Challenges can be associated with a particular guild, too. If you decide to donate to the site for some gems and start a guild for your calculus study group, then you can flag the challenge with the name of your guild and make it easier for everyone to find. Plus, then you all have a space on the site to chat and ask questions and help each other out.

But if you don't feel like starting a guild or creating a challenge, just getting your friends to play is fun, too! JV and I both play, and we help hold each other accountable for our tasks and to-dos, and remind each other to get things done. You can also join up in a party and go on quests together! (Most quests you have to buy with gems, but there are some that come out during world events, or when you hit a particular level.)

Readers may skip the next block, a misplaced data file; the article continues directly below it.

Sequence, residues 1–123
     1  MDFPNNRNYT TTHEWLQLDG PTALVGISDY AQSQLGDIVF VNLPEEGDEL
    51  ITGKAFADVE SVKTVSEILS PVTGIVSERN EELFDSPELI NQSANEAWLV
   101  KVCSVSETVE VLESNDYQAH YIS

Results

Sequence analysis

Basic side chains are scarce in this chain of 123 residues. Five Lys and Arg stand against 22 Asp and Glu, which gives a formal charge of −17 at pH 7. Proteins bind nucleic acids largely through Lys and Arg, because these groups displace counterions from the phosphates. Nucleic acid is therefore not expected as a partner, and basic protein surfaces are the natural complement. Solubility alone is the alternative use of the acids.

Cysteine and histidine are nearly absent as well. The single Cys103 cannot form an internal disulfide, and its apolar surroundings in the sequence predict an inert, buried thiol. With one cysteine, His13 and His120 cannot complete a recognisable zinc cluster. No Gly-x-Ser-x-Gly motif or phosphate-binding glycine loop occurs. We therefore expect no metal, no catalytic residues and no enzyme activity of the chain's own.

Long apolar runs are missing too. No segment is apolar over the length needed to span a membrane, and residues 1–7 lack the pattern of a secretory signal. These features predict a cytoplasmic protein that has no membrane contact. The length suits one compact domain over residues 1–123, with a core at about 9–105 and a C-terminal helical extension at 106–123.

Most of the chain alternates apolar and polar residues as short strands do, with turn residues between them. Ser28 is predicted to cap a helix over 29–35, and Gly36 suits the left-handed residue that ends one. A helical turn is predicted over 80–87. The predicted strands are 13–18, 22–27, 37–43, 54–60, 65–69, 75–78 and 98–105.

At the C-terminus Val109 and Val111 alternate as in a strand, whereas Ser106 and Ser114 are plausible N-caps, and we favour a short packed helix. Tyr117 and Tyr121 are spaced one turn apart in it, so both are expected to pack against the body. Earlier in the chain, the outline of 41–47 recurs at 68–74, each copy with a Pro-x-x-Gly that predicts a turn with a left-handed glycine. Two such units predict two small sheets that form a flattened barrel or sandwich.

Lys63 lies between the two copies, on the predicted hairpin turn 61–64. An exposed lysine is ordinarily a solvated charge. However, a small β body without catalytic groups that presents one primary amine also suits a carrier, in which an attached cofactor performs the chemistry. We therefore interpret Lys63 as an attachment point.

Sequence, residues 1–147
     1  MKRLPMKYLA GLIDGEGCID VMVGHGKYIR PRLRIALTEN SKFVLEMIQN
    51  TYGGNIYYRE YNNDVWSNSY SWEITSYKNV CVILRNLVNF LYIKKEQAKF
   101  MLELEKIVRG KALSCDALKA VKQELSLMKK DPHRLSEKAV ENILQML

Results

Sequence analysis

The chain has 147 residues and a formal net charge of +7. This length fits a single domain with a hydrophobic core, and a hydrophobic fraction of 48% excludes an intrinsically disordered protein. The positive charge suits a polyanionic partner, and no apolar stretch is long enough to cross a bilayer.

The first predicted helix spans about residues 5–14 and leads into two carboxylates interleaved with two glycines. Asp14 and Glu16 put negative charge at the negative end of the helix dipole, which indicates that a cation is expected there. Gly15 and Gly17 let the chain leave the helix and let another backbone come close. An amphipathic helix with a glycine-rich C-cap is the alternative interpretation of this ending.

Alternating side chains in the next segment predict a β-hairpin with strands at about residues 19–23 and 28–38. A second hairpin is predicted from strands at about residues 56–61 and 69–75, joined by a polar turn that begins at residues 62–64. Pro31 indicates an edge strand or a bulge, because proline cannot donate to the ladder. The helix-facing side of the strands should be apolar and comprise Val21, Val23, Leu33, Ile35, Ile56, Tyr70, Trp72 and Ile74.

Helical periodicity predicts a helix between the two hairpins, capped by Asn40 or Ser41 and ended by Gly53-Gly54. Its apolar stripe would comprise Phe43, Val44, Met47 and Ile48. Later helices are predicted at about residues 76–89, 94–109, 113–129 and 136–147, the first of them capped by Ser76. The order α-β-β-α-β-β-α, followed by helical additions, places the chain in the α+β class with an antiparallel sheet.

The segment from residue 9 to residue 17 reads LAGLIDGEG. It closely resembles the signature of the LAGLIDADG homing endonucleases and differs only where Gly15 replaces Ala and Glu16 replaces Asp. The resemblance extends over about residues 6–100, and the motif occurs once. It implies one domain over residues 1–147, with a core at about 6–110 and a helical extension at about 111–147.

Bonus: the game is what you make of it.

The point of HabitRPG isn't for you to achieve a game designer's goal of beating a final boss or getting the best ending. The point of HabitRPG is to make your life better. It should be motivating and encouraging you, not stressing you out. The game is what you make of it. For example, I only have a couple of "negative" habits (gaming on the couch [as opposed to while I'm on the exercise bike] and reading junk news), but I hardly ever click on them (even though I engage in them a lot!). I also have those bad habits set up as rewards, so I can opt to "punish" myself by buying them as rewards. The only time I click them as bad habits is when I don't have enough gold to buy them as rewards. All of the rest of my habits are positive only.

That's what works for me: I know that taking massive HP hits because I got sucked into Diablo 3 or had a snack attack isn't going to be rewarding. Other people are more aggressive in their self-improvement. It's all up to you.